Navigation Links
Adverse housing conditions contribute to diabetes risk

INDIANAPOLIS Fair or poor housing conditions are associated with the risk of developing diabetes in urban, middle-aged African-Americans according to a study published in the Aug. 15 issue of the American Journal of Epidemiology by a team of investigators from Indiana University School of Medicine, the Regenstrief Institute, Washington University in St. Louis and other institutions.

The researchers studied men and women in their homes (apartment or house) and environs in two St. Louis neighborhoods one a poor, inner-city area and the other a less impoverished, suburban area that included several pockets of residents from a variety of socioeconomic backgrounds. Adjusting for previously recognized diabetes risk factors such as weight, smoking, exercise, alcohol use, marital status and education, the researchers found that housing conditions influenced the risk of developing diabetes, although there was no direct association with conditions in the neighborhoods immediately outside their homes.

We found a strong link between housing and diabetes risk but its not clear exactly how housing conditions are exerting this influence, says study senior author Douglas K. Miller, M.D., Richard M. Fairbanks Professor in Aging Research at IU School of Medicine and a Regenstrief Institute research scientist. However, it is clear that it wont be possible to reduce disparities in health status among subgroups in the population and thus improve health without understanding how a persons environment can affect that persons health.

We looked at several factors to see if they could clarify why housing conditions were contributing to the development of diabetes, but none of these factors seemed to explain the relationship at all, explains Mario Schootman, Ph.D., lead author and chief of the Division of Health Behavior Research at Washington University. However, there were several potential explanations such as environmental contaminants that we were unable to measure, so additional study is clearly indicated.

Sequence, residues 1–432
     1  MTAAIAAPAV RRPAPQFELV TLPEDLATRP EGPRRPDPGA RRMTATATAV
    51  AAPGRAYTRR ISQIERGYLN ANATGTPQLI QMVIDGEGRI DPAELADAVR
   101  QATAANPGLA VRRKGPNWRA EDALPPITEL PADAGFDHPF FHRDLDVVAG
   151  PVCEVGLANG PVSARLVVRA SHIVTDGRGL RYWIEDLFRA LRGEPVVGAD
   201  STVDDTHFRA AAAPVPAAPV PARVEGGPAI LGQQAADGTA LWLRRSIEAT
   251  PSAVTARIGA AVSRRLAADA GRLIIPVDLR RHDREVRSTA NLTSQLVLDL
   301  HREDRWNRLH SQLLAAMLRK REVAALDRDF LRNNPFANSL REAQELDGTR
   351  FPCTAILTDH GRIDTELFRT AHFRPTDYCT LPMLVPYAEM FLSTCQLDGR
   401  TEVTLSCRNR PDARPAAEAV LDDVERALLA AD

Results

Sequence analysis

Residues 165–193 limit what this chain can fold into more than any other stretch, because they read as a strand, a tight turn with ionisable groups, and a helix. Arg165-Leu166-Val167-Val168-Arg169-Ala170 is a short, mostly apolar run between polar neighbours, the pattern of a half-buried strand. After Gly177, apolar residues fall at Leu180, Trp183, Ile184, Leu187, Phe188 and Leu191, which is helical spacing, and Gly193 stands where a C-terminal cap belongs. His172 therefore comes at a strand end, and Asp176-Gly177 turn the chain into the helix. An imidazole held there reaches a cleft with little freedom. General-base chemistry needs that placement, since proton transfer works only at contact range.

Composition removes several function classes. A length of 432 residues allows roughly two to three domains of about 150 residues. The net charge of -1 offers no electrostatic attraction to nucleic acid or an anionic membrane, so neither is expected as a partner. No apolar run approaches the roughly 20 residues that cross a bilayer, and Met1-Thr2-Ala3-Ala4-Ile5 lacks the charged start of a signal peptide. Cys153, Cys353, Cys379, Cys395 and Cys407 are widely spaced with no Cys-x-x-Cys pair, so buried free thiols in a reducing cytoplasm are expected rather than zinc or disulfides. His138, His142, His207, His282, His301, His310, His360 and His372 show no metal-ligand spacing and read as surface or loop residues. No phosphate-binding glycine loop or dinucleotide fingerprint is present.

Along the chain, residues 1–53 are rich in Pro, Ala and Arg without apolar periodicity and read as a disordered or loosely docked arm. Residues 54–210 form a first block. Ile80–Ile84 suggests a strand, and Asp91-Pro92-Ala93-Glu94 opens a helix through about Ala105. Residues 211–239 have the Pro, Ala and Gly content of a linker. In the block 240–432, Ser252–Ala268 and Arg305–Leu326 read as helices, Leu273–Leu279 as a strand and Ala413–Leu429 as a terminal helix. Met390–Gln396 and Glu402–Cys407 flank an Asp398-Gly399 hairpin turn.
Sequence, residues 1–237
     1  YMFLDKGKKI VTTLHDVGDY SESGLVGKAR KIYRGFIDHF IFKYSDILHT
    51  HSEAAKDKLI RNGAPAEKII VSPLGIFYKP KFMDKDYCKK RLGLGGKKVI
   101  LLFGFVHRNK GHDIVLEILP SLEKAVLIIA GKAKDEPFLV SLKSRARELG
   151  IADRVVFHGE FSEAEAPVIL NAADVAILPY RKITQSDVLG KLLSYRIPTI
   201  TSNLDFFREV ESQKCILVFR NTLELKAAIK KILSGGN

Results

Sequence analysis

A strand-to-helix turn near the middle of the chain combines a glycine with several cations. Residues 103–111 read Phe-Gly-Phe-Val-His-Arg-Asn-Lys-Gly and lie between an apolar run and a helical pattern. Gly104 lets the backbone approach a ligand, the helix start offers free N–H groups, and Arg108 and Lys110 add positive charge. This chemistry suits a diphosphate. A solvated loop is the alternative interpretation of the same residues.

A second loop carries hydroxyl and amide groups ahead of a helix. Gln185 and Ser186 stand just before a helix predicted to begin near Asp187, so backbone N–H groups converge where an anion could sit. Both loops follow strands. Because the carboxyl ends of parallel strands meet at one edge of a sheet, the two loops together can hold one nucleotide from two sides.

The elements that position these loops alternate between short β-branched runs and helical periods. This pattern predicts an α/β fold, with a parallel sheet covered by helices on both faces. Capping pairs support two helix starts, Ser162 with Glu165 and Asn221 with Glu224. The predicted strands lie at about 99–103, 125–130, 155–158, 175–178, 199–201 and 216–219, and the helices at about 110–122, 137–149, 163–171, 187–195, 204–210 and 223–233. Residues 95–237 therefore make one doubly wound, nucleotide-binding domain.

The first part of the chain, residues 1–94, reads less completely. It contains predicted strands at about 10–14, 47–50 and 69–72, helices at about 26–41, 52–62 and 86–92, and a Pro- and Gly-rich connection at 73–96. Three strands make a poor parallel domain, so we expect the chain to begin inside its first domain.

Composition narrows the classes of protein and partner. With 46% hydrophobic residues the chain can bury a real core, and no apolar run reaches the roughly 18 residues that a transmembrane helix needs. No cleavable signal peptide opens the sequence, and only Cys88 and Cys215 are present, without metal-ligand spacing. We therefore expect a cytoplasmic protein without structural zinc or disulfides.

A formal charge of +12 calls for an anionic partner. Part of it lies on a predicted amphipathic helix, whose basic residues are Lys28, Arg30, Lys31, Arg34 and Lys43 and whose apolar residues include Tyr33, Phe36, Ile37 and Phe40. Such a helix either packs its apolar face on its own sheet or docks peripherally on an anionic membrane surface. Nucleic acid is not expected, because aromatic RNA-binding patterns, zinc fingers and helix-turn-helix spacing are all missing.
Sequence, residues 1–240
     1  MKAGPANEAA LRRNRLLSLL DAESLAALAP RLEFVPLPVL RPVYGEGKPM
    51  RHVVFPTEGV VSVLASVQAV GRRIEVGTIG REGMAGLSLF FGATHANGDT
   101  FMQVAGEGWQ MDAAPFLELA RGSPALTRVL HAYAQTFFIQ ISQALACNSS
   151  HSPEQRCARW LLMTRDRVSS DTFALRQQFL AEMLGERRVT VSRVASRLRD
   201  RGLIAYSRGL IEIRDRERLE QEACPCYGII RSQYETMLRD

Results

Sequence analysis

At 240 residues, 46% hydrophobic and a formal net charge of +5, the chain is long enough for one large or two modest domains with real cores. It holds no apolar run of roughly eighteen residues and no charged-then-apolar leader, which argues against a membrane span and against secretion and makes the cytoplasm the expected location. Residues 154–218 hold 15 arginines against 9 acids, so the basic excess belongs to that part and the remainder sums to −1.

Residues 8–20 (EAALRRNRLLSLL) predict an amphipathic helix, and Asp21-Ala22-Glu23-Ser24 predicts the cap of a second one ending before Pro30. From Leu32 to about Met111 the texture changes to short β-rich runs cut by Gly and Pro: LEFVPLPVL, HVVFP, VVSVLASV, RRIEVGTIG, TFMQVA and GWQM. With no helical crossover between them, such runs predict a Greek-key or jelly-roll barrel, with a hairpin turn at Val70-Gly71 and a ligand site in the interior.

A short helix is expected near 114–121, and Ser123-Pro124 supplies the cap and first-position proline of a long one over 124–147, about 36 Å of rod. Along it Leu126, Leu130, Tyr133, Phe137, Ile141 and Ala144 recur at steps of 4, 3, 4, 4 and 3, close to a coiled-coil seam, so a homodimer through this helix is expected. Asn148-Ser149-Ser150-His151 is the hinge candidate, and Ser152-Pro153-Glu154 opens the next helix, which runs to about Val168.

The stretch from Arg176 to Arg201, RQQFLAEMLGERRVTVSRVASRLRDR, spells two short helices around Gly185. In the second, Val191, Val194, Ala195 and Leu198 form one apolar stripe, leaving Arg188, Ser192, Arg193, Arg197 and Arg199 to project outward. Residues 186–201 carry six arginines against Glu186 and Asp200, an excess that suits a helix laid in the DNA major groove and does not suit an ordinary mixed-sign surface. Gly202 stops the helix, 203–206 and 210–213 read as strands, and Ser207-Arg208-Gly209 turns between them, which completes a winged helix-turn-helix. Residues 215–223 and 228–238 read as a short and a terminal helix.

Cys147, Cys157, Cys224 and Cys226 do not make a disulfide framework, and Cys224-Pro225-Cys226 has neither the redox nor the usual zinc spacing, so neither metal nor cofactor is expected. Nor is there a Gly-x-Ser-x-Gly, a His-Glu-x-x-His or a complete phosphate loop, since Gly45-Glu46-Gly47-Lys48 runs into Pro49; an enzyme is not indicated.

Quality of housing was evaluated based on cleanliness inside of the building and the physical condition of the buildings interior and exterior, as well as the condition of the furnishings in the building. Neighborhoods were rated based on noise, air quality and the conditions of houses, streets, yards and sidewalks. Broken windows, bad siding on homes, cracks in the sidewalks and nearby industrial sites or traffic noise lowered a neighborhoods rating. Housing and neighborhood conditions were classified as fair, poor, good or excellent

This study is part of a larger health research project involving African-Americans. In the original project, researchers looked at several factors responsible for the higher incidence of health problems experienced by later middle-aged and older African-Americans living in St. Louis. That larger project gathered data from 998 African-Americans in the St. Louis area who were born between 1936 and 1950. When that project began, diabetes already was very common in this population. More than 25 percent had the disease at the time initial interviews were conducted. The new study found that over the next three years another 10 percent developed diabetes.